Jongsung Paul Choe mentioned in his artistic statement that his recent work, “Beautiful Forest” through which he intends to express aesthetic discourse on the images of natural reality and beyond over it. We should understand two axes consisted of the reality of forest and the essence of nature. Because recent photographic images from the environmental aspects are not able to be discussed fully in the light of a factual record, at present various elements of political, social, cultural and other interesting issues are involved with many countries in the global changes. Here factuality is a topographical aspect that means by the documentary record of the environment of Sundarban (beautiful forest) of Bangladesh. That forest was registered as the World Heritage of Culture in 1987. It is very meaningful and important to observe the untrodden world using camera. It is similar to a scientific discovery. Another is to say the essence of Sundarban. The camera focuses on the substance of the change of earth environment caused by warming. Whether the meaning is artificial or physical the change of nature is inevitable against time. The priority of human being over that of nature excited much controversy among many countries in the 21st century.
As we know through the past long history of photography many photographers have taken pictures of natural beauty that God gave us. From the beginning of photography until the early 1970’s photographers persisted in the aesthetic aspect of natural piety and beauty. But the exhibition of “New Topographic: Photographs of a Man-Altered Landscape” arranged by William Jenkins in 1975 provided us with the landscape of a new viewpoint. Robert Adams, Lewis Baltz, Stephen Shore, and Bernard and Hilla Becher participated in the exhibition. It developed an art movement of a new concept, and formed the genre of landscape in the history of photography. The exhibition connoted a new landscape placing special emphasis on the transformed environment by human.
In the late of 1990’s a different landscape was developed photographers was interested in the natural environment and substance because of the changes of environment in the global village. Photographs of German typology represented architectural beauty that was transformed and created by human in terms of structure. Documentary photographer Sebastian Salgado produced ‘Work’ that has recorded industrial developments in various places of the earth, and the living sited of laborers in the post-industrial age. A famous Korean photographer Youngkyun Lim has composedly recorded the warmed Antarctic and its damaged sites that might be disappeared soon. He put those scenes in his work ‘Antarctica’ in which an axis of landscape genre was preceded in the light of record and aesthetics.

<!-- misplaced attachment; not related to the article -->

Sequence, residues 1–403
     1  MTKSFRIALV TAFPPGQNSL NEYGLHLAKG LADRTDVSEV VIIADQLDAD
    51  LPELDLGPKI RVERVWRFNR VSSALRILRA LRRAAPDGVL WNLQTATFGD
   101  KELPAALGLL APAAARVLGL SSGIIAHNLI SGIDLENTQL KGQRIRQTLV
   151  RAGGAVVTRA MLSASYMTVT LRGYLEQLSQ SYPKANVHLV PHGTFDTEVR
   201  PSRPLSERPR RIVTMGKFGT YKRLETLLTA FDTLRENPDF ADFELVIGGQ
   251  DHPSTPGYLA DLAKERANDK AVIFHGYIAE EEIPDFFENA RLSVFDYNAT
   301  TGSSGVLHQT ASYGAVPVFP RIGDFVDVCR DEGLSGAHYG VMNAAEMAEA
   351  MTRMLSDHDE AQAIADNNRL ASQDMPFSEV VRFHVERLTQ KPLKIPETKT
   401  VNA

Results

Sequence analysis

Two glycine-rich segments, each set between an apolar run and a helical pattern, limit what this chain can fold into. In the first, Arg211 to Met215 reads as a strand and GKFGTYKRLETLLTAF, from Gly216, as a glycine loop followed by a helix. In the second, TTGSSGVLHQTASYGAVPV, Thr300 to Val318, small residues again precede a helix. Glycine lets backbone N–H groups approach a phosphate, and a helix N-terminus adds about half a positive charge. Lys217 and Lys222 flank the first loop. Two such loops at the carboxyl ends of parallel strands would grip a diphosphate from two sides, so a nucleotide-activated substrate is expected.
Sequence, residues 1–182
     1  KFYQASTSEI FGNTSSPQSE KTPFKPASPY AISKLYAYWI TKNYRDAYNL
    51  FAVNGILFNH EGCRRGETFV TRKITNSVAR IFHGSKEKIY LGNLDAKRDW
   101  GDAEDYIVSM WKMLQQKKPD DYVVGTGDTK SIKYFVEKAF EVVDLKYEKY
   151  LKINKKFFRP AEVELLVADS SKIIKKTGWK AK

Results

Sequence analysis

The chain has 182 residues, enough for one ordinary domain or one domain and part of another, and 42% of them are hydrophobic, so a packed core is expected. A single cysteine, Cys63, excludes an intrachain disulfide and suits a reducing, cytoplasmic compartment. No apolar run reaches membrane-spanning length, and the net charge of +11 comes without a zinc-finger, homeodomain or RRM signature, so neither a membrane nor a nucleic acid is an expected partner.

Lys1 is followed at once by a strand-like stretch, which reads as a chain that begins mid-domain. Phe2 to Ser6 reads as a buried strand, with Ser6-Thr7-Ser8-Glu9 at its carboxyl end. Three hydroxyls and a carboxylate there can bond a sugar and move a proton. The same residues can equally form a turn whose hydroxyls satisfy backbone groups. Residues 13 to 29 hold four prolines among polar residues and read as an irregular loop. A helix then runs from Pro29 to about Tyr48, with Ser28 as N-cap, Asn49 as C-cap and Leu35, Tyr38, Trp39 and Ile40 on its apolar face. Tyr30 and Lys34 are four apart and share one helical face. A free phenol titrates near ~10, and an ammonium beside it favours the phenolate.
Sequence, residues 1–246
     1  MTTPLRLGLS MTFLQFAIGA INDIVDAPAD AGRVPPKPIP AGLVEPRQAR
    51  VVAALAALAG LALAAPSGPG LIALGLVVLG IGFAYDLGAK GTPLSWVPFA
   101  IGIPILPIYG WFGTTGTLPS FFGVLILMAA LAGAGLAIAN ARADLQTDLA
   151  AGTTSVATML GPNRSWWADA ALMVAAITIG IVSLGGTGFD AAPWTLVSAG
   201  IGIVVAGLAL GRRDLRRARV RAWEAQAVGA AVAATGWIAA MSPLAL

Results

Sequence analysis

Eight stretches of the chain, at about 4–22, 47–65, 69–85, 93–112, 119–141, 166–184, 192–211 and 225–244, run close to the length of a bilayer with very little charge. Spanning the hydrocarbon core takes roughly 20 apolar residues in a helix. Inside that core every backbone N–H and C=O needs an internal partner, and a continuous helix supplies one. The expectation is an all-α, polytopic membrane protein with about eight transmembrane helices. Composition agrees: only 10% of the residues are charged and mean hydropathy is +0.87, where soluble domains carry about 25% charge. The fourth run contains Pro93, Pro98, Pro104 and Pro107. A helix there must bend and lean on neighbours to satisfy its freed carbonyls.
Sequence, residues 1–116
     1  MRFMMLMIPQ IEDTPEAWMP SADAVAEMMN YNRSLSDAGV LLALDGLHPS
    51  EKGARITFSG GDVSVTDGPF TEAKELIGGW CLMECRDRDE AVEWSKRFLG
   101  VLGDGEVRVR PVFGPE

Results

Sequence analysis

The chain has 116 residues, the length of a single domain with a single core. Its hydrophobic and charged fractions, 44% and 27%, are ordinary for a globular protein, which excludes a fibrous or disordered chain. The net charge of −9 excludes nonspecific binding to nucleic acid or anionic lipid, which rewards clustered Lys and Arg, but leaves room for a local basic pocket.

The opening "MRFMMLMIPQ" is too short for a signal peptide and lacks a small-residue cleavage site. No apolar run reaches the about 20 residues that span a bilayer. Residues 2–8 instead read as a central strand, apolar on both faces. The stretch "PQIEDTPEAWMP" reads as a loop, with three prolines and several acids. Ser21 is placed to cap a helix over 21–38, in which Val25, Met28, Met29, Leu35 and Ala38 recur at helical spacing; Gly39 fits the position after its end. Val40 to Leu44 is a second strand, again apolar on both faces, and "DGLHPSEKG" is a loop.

In this context Jongsung Paul Choe’s new work ‘Beautiful Forest’ belongs to the same category of those photographers. The Sundarban is located across India and Bangladesh, and the area is 140,000ha. It is a worldwide mangrove in the delta that big three rivers made. Also it is famous for the habitat of Indian silk snake(python), royal Bengal tiger, birds of over 260 species, and took photographs that did not only record the forest. Civilization accompanied with industrial developments changes and destroys nature. The photographer is now on-the-scene site and makes observations of the nature. He awakes us from the relationship between nature and human through his work ‘Forest’ of Sundarban. But his photographs are more than a complaint or formal accusation in their roles. Although the works stand for irreversible deformation of nature, ironically some images are extraordinarily beautiful. We feel that way because we see the scenes through media of photographs. Speaking concretely criticism coexists with irony.
I am wondering how Jongsung Paul Choe solves his planned environmental travels of Shirakami-Sanchi of Japan, Prince William Sound of Alaska, and Shilin of China. What would be the features of the global village in the lenses of Jongsung Paul Choe’s camera? The question whether he will succeed or not in terms of responses in people’s hearts depends upon his inward eyes. When the records of the scenes should accompany with a view of criticism his environmental travel will bring us a significant photographic value. I hope that the photographer reaffirms the solemnity and homage to natural piety.
Director of Jeonju Photo Festival